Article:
Nigeria: Forced marriages and the age of consent.
Update : Petition to remove Yerima to be delivered today at the National Assembly – Will Yerima end up in jail?
The former Governor of Zamfara State, Senator Sani Yerima has married a 13 year old Egyptian girl for whom he paid her family $100,000. The “marriage” is being discussed in the news but no charges of rape and forced marriage are being pursued. Two other men, Harrison Eze and Ademola Arogboto have both been charged with rape though for some reasons the papers seem shy of using this word. Instead they use the phrase “alleged forceful carnal knowledge of a minor” and “abuse of underage girls”. It is clearly evident that the law is being applied on the basis of class/status and religion. Child marriage takes place in countries across the world from South America, Africa and Asia. It also tends to take place in rural areas and amongst the poor. In Nigeria 20-40% of young girls are forced into marriage and the majority of those take place amongst Northern Muslims under Sharia Law and case of vesicovaginal fistula (VVF) are very high amongst young girls. Though there are some organisations providing surgical repair and rehabilitation together with education on reproductive rights, economic empowerment – the majority of those living with VVF have very little medical help.
It’s no coincidence that during his Governorship of Zamfara, Sani Yerima who has a habit of marrying underage girls, instigated and championed the implementation of Sharia law in his state where marrying girls as young as 11 is common place. Why is a Senator who is a serial rapist and child trafficker, walking around as if nothing has happened? Why is he not being called to account in the Senate as well as being charged with rape? Because like elsewhere in the word but more so in Nigeria, the rich are above the law particularly if they are also politicians and because there is still a culture of protecting pedophiles and blaming the children.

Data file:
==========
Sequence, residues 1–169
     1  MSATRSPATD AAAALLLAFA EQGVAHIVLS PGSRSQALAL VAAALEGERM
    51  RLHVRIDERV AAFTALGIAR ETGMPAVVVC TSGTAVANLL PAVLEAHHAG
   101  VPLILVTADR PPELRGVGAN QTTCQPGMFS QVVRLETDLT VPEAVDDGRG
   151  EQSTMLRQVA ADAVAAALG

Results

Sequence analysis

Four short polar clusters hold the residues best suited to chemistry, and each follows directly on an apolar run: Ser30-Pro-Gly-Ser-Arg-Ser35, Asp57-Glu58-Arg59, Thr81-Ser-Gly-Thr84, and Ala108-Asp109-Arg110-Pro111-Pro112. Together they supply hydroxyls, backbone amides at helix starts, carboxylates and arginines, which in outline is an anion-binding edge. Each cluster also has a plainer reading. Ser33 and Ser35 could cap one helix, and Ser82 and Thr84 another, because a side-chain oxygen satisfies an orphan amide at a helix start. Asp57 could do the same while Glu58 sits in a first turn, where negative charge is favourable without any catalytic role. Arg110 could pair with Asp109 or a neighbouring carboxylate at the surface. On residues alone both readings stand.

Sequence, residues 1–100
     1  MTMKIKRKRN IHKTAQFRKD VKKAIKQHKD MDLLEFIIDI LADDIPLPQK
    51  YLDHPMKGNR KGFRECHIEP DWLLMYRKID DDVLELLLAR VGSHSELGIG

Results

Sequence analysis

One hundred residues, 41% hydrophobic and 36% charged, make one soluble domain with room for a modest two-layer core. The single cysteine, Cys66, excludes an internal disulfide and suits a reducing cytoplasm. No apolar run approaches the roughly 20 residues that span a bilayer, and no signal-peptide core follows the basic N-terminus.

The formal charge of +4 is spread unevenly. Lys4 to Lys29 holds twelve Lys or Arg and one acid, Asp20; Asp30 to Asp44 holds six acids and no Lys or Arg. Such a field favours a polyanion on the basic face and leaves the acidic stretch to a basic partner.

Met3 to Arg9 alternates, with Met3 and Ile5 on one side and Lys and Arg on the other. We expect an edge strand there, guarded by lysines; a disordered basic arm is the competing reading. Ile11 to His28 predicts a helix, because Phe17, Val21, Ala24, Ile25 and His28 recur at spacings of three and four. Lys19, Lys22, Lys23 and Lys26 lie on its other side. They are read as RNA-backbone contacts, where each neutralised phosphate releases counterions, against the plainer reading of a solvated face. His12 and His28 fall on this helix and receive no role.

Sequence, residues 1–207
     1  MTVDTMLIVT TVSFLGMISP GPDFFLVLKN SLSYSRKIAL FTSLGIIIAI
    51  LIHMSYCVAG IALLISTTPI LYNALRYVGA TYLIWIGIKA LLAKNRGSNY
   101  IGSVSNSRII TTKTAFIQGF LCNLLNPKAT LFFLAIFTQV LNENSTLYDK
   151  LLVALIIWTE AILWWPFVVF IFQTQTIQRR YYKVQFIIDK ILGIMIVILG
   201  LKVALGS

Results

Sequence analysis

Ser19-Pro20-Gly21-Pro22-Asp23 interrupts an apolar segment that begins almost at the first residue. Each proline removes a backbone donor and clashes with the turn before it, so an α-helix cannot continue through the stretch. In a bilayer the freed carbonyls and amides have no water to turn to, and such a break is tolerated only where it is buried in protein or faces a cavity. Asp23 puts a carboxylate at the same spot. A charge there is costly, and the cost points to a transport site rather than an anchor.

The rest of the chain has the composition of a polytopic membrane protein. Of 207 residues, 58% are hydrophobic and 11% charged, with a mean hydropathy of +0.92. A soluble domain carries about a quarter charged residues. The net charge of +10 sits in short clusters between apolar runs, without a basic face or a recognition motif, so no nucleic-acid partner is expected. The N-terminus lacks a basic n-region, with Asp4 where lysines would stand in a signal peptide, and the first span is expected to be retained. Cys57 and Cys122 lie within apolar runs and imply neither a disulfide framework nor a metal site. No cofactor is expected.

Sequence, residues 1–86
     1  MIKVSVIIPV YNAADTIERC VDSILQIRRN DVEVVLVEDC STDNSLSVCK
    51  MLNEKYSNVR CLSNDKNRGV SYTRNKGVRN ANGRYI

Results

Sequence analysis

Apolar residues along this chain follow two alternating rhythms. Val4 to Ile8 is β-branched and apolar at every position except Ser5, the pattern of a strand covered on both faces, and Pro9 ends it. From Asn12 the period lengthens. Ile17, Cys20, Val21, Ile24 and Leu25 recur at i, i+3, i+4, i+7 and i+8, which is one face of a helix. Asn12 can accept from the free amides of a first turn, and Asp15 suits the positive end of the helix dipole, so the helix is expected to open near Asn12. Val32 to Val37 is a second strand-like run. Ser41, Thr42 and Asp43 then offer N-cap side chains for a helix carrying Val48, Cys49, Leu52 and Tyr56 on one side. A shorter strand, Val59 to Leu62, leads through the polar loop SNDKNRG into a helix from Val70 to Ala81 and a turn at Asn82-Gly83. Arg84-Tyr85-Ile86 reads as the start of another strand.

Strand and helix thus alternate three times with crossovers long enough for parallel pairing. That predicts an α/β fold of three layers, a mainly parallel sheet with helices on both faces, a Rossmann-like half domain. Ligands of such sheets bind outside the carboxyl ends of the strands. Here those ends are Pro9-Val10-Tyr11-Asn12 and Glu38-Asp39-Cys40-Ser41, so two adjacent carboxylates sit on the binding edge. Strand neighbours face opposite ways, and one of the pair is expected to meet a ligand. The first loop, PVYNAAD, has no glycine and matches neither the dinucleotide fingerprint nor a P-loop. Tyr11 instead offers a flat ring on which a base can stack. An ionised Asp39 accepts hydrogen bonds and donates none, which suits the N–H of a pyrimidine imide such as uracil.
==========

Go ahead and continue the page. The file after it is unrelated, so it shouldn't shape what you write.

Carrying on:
Women Empowerment and Legal Aid [WELA] is demanding that the Federal Government arrest and prosecute Yerima for trafficking but not for forced marriage and rape. Why – because Yerima married the young girl under Sharia law and the age of consent in Northern Nigeria remains 13. This is so typical on all levels. No one has the guts to come out name the man and his crimes and challenge a law, religious or otherwise, which violates the rights of children as agreed by all international and African human rights legislation including Nigeria’s Child Rights Act 2003. However although the Act is enforceable at Federal level only 16 of the 36 states have passed the Act leaving millions of Nigerian children without any protection.
Nigeria has been unable to deal with several issues hindering the protection rights of children such as children living on the streets, children affected by communal conflict, drug abuse, human trafficking and the weaknesses of the juvenile justice system amongst others.
In 2005, The Supreme Council for Shari’ah in Nigeria (SCSN) made an official protest against adopting the Child Rights Act and again in 2008 the Kano House of Assembly said the Act was against the religion and culture [of the north].
Gafasa, in an interview with THISDAY, also said that the Act is ” Against the wishes of Kano and entire Northern part of the country as its against our religion and culture”
Whilst I have no time for Gadaffi and believe he should shut up and stop interfering in Nigeria’s internal politics, maybe he did have a point after all in calling for a Nigeria to be split in two since the Sharia states have a law onto their own and refuse to accept international, African and Nigeria human rights laws or acknowledge the Federal penal code.
The WELA and other rights organisations should be campaigning for an open discussion on the age of consent which should be raised to 16 and forced marriages to be made a criminal offense. Civil Society and Pro-Democracy groups are so focused on party politics and corruption whilst religious groups are busy moralising and ranting against homosexuality. The two issues are the rights of children and secondly the fact that at this moment there are two Nigeria’s – the northern Sharia states and the rest of the country and the former is increasingly removing itself from the Federal structure and picking and choosing which Federal and international laws it will uphold and those it will ignore.